Real music by real musicians

I’ve heard this refrain a lot.  The one time I completely bought into it was in October 2002.  Hammersmith Apollo.  I remember being overwhelmed with admiration for the musicians on stage that night and a sense of euphoria at hearing a concert so determined to showcase new music, loved music and, at it’s heart, musicianship.  I remember being consumed by the intentions of the show and passion on display that night.  It may have been showmanship – ok, most of it was showmanship – but there was a sense of authenticity and urgency that made my heart pound.  Naturally, as some may have worked out, I am talking about Prince’s One Nite Alone performances from this time.  There was a paradox at the heart of this concert – for me at least – there was Prince’s determination to let the music of his latest album be heard and affirmed (The Rainbow Children) and there was a communal joy at the collection of talent on stage.  This led to a fiery performance and, in my mind, culminated as Prince launched into Strange Relationship and decried the programming of radio stations the world round.  He wanted out of the loop, out of the industry dominated predetermined success and a validation/recognition of talent and diversity.  At the time, I believed there was a sincerity about Prince’s outburst…with hindsight a smidgen of petulance may have been in there too – a recurring theme in Prince’s career.  (God, he is an accomplished showman!)

(as a side-note – and please don’t tell anyone this – this was the one time when I forgave Prince a cover version – he performed Whole Lotta Love that night and I believe I smiled.  Heartily.)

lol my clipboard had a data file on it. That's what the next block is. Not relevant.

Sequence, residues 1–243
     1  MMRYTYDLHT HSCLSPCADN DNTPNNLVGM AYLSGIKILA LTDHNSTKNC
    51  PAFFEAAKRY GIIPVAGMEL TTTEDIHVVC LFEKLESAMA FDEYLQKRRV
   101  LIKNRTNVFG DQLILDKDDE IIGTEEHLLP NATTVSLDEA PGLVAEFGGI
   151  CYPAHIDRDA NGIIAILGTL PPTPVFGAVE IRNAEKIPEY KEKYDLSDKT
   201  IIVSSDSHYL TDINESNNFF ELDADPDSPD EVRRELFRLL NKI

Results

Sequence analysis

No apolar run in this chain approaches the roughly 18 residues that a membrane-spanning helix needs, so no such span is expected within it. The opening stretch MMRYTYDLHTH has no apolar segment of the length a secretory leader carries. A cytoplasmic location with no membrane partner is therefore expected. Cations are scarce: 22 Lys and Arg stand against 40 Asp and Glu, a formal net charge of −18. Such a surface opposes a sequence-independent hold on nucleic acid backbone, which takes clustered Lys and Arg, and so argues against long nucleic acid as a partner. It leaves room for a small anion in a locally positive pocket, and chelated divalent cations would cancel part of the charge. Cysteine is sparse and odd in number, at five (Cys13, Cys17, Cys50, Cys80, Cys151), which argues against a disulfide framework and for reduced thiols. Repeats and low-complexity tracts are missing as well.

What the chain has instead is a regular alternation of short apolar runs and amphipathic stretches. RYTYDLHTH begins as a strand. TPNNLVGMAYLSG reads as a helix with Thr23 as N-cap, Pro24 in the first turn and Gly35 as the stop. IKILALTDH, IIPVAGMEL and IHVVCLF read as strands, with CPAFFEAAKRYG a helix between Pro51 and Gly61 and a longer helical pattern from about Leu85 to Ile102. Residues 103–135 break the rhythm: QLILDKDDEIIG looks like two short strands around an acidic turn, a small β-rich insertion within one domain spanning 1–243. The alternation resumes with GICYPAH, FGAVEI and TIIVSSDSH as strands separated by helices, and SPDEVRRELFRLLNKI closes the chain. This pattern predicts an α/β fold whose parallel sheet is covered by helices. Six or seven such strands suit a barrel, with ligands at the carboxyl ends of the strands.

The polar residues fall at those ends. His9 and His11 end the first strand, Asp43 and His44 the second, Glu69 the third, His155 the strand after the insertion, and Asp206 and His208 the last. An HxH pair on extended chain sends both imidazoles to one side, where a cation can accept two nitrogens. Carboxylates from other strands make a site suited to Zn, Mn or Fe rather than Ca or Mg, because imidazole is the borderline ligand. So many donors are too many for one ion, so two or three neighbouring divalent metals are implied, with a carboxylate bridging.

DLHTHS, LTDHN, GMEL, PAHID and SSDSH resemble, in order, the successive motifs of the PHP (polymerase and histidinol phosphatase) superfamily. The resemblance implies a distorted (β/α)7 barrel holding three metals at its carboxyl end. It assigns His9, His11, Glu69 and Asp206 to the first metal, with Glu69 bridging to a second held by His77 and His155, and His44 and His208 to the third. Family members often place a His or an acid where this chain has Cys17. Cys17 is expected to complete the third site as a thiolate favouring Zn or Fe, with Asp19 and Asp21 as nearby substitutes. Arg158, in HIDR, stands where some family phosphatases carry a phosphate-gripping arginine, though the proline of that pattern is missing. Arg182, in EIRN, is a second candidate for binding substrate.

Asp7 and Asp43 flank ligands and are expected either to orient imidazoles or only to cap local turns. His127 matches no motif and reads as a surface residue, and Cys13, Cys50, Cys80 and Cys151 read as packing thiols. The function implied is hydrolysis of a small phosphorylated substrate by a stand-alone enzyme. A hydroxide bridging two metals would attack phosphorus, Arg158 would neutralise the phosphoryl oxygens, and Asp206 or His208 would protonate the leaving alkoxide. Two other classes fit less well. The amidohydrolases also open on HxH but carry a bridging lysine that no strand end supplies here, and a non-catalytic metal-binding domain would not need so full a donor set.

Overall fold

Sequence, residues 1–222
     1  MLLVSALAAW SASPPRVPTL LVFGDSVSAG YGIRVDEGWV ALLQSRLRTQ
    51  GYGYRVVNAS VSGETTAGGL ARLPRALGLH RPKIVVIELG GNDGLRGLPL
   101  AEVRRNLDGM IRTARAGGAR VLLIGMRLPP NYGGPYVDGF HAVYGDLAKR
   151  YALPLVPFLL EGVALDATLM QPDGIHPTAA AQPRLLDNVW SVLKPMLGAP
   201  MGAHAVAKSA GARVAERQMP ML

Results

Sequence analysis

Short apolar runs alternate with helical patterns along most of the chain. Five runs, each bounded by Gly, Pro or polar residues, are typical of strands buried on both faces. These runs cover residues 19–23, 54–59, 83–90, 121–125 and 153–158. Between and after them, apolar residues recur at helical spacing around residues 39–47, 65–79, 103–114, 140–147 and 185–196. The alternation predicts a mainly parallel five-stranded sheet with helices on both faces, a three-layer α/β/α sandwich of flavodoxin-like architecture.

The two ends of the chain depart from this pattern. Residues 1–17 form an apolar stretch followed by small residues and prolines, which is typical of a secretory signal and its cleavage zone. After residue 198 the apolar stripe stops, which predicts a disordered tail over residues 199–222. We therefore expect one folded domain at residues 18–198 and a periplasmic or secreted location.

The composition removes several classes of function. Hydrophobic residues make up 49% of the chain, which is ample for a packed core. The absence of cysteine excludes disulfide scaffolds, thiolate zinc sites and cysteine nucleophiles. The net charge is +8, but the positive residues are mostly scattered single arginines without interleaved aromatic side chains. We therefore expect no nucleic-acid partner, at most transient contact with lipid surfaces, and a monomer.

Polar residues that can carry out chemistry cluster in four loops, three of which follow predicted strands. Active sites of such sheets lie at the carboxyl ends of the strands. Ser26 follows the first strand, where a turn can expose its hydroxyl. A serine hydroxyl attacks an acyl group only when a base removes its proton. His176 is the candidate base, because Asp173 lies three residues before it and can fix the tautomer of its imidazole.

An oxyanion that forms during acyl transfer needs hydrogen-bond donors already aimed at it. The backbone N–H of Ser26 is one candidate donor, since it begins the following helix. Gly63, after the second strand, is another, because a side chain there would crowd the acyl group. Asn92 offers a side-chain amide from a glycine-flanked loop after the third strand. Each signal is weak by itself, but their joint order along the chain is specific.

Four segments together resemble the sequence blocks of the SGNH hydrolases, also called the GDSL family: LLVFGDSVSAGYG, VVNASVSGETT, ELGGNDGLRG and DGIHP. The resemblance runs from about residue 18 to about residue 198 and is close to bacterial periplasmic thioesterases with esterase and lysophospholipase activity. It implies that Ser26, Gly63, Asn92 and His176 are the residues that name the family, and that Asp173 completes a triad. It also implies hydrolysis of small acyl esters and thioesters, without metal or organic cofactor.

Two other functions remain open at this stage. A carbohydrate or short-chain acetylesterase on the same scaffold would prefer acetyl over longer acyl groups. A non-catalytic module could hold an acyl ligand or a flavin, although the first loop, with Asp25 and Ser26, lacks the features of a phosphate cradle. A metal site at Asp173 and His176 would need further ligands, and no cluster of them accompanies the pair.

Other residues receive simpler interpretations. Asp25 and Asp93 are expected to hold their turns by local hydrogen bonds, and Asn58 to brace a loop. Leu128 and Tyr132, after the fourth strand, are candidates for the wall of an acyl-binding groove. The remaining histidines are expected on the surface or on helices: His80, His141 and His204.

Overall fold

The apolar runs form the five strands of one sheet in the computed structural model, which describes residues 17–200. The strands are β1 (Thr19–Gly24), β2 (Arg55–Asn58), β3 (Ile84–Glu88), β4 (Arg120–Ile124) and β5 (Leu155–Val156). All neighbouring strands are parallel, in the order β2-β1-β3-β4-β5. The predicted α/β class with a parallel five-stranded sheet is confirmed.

What, though, makes for authenticity in music?  The other stuff I’ve written about The Trendees makes me blush when I think back to the opinions I held as a child.  When I was but a slip of a thing, in my youth, I can remember arguing vehemently against bands that “said something” in their music.  I argued that pop-music was a bouncy, lovely, bubblegum thing that should be swiftly digested, light on the stomach (to allow for all that bouncing, I suppose), listened to, enjoyed but not pondered about.  Being young in the early 80s meant that the influence of my older brothers and their like for never-ending, bizarre prog-rock (albeit my developing appreciation for King Crimson aside) or for rock’n’roll standards (the memory of my brother’s all-day tear-streaked face when Elvis died still haunts me) meant that I hit music with something of a confused palate.  My first heroes were imitators of greatness – Showaddywaddy and Gary Glitter – my first proper hero was Adam Ant, but I came to him at the time of Kings of the Wild Frontier and not during the Dirk Wears White Sox era which I would probably have balked at.  Such naivety.  I could never appreciate Madness, for instance, – what was wrong with me? (It’s alright…I do now).